Seventeen-year-old Fay escapes from her brutish family and sets off to hitch from Oxford, Mississippi, to Biloxi. Barely schooled, barely literate, Fay has never heard of the Civil War. She doesn't know that you're supposed to tip waitresses. She's never been to a movie. And most dangerously, she has no idea of the effect she has on men.
She catches a break - picked up by Sam, a state trooper with a lakeside home and a private sorrow he shares with his wife Amy. For the first time in her life Fay feels favoured by fortune. But tragedy and jealousy intervene, and she heads on to Biloxi, leaving a dead body behind her.
In Biloxi, Fay is dragged into a sordid world of strippers, whores and drugs, and a relationship with Aaron, a menacing bouncer. She learns how to survive there, though she wishes Sam could come and rescue her. But although Fay is ignorant, she's not stupid. And as the book moves to its violent conclusion, we realise she's not willing to be a victim all her life.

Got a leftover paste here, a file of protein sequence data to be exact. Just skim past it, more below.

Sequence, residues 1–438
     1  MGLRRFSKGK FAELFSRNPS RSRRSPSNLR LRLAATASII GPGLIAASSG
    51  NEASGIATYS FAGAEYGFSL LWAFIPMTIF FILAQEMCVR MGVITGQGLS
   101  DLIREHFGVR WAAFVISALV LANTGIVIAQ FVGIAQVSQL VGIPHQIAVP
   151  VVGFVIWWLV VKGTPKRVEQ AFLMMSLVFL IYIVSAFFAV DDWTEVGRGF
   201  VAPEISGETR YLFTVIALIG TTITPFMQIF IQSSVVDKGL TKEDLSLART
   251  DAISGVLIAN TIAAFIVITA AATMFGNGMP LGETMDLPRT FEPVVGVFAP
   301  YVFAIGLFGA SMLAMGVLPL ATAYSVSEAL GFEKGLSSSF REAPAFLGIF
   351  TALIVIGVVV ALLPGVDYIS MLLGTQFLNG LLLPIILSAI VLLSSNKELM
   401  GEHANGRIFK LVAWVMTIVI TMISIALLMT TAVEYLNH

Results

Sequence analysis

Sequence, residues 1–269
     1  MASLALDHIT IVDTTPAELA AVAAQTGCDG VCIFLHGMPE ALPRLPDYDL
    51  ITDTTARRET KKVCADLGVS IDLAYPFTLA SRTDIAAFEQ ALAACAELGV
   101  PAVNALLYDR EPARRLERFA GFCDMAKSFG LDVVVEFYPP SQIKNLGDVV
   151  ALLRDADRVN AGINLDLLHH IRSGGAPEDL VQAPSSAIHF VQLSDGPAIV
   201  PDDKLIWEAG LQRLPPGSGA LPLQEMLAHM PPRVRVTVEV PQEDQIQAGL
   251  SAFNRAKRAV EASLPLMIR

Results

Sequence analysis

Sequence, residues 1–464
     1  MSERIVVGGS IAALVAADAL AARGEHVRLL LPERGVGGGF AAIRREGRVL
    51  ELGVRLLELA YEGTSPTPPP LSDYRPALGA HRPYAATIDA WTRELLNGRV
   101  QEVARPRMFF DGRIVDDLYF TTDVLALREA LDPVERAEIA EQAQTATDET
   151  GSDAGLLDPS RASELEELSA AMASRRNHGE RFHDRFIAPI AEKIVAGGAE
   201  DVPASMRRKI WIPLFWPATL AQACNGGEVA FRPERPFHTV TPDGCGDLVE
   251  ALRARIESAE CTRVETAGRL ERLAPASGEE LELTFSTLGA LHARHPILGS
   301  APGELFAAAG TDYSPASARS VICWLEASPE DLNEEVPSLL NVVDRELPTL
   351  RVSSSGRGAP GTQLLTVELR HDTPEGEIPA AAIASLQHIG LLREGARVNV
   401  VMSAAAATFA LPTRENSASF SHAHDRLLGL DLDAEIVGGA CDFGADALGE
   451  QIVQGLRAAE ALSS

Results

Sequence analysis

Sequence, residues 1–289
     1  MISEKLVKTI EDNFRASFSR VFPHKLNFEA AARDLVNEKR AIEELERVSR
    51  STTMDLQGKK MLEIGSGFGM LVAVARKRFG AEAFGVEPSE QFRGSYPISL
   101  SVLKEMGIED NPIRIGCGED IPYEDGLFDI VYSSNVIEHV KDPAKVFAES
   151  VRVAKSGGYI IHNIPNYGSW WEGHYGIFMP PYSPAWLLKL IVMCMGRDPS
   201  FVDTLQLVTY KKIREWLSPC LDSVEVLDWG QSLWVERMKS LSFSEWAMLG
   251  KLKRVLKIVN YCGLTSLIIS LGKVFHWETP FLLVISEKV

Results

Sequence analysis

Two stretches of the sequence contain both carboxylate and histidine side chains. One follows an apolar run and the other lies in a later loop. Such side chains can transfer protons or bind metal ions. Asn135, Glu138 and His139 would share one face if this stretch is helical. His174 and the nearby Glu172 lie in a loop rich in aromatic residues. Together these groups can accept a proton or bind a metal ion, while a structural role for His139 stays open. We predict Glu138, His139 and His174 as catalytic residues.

In Fay, with its unforgettable heroine and its utterly mesmeric evocation of the American South, Larry Brown has written another modern American classic.
That Brown reminds you of Faulkner and of McCarthy . . . is a compliment to each' USA Today
'Father and Son is one of the very best novels of our time . . . Not since Dostoevsky's The Brothers Karamazov has a novelist probed as deeply into the paternal condition, the plight of it, the splendour of it' Washington Times